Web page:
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Ex-FDA Chief: Juul Created Teen Vaping Epidemic

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Ex-FDA Chief: Juul Created Teen Vaping Epidemic

Just minutes after vaping company Juul announced Wednesday that its CEO Kevin Burns will step down, former FDA Commissioner Dr. Scott Gottlieb told CNBC the company was responsible for "creating this teen epidemic" of widespread vape usage.

What Happened

Juul will replace Burns with former Altria Group Inc (NYSE: MO) executive K.C. Crosthwaite, according to CNBC.

The new executive will undertake a "broad review" of Juul's practices and policies to "ensure alignment with its aim of responsible leadership within the industry."

Juul also said it will no longer oversee broadcast, print and digital advertising in the U.S. and will not lobby the U.S. government on its policy move to ban flavored e-cigarettes from the market.

Why It's Important

The FDA explored in a survey what percentage of teens not only vape but use a Juul product, Gottlieb said on CNBC's "Squawk Box." The FDA likely already has the survey results and "[knows] how many kids are using Juul."

Juul does have a place in the broader smoking segment as an alternative to smoking among adults, Gottlieb said.

While Juul's products likely cause some form of chronic lung injury, the industry standard is to compare its impact on health versus tobacco, he said. 

"If they can legitimately help a currently addicted adult smoker fully quit combustible tobacco, even if they do cause some long-term lung injury, it's probably going to be less lung injury than from smoking."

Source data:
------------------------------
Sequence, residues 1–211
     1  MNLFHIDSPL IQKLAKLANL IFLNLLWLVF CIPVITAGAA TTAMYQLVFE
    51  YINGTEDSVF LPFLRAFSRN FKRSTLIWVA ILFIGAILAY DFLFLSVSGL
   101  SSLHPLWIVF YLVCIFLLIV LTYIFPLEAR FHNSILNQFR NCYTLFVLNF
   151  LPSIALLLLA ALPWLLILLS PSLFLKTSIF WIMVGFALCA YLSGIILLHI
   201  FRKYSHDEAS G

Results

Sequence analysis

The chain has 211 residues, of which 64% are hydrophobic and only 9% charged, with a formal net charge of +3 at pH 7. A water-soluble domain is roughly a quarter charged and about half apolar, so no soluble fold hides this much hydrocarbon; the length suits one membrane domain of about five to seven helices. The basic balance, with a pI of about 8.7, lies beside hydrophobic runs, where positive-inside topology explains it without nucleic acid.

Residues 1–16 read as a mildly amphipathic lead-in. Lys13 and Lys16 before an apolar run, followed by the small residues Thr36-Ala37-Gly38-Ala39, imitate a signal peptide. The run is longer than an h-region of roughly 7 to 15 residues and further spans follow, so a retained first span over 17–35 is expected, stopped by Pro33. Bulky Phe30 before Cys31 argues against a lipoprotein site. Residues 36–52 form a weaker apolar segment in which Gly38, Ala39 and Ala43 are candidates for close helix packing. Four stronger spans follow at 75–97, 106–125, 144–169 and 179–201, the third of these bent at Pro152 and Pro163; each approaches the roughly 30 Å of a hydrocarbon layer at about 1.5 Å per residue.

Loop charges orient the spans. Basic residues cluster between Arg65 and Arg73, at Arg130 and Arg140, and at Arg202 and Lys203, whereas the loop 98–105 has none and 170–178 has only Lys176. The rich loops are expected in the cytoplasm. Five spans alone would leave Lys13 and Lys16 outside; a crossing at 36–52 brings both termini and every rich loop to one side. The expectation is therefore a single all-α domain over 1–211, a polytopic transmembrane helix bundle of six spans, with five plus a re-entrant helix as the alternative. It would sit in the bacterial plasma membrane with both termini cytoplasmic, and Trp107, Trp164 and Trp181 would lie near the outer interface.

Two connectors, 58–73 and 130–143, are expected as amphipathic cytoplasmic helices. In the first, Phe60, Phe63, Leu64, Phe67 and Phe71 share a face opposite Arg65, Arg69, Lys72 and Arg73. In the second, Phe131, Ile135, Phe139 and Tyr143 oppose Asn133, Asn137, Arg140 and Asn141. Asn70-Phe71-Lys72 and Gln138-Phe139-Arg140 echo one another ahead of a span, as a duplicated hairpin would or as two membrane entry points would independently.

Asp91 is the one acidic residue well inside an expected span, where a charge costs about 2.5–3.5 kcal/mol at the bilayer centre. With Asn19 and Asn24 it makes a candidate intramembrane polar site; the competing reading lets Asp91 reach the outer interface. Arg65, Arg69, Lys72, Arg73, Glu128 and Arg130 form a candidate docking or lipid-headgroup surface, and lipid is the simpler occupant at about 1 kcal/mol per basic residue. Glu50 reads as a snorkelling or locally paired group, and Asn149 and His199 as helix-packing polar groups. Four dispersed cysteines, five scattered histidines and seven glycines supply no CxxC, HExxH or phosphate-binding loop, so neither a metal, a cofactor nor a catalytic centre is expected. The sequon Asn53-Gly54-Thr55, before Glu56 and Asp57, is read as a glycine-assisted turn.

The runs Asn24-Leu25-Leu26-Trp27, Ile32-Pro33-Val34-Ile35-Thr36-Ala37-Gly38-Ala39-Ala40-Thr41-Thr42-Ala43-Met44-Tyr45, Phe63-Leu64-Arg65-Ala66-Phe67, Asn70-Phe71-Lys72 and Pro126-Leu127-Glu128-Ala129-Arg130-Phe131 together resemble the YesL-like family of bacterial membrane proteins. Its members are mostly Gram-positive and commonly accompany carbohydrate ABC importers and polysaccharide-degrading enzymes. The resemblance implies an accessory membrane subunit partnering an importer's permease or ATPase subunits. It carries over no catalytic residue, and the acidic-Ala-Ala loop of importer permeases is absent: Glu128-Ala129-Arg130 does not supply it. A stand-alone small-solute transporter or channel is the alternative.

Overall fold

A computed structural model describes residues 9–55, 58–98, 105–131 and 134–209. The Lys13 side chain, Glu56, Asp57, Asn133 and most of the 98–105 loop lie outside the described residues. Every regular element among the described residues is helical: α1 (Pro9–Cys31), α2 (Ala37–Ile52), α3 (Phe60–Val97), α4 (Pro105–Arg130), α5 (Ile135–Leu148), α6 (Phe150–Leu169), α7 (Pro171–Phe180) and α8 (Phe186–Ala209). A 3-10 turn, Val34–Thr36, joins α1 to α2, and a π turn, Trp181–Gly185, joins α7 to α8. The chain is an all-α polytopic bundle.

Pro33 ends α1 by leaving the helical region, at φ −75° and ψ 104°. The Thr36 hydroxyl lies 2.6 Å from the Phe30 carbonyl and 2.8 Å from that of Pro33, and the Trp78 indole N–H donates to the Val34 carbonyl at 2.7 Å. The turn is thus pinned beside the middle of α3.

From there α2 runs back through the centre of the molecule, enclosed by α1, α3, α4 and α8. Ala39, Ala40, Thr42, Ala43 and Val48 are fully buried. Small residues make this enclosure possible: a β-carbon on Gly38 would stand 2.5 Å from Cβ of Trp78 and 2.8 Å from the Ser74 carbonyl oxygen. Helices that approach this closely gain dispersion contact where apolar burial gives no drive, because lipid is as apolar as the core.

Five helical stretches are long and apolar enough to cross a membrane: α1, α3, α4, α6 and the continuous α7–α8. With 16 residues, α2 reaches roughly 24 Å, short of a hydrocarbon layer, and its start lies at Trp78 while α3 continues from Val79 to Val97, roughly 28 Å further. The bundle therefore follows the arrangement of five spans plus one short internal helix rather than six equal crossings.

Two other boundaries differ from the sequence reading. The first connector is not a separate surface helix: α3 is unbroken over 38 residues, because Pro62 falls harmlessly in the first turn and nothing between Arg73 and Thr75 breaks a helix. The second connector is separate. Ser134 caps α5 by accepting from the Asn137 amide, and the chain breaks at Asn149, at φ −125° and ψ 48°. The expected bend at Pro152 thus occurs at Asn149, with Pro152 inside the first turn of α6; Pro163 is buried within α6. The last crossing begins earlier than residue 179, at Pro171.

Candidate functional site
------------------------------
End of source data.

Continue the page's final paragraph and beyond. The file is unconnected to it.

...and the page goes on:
What's Next

The problem for Juul is that demonstrating its superiority versus tobacco would be an expensive study to undertake, Gottlieb said.

Any company that decides to take this path could end up with a monopoly while other vaping products are pulled off the market, he said. 

Separately, The New York Post reported that several Juul investors are looking to sell their stakes at prices that value Juul at $25 billion, or $175 a share.

That’s a 35% fall from a December deal in which Altria valued Juul at $38 billion, or $270 a share, the Post said. 

Benzinga has contacted Juul for a response.

Earlier today it was announced that Altria and Philip Morris International Inc. (NYSE: PM) ended merger discussions.

Altria shares were down 1.6% at the time of publication Wednesday, while Philip Morris shares were up 6.37%. 

Related Links:

FDA Warns Juul On Marketing To Youth

Tobacco Stocks React As FDA Investigates Reports Of Seizures After Vaping

Tanzeel Akhtar contributed to this report. 

Photo courtesy of Juul. 

Posted-In: CNBC JUUL Scott Gottlieb Squawk Box The New York PostNews FDA Media Best of Benzinga

 

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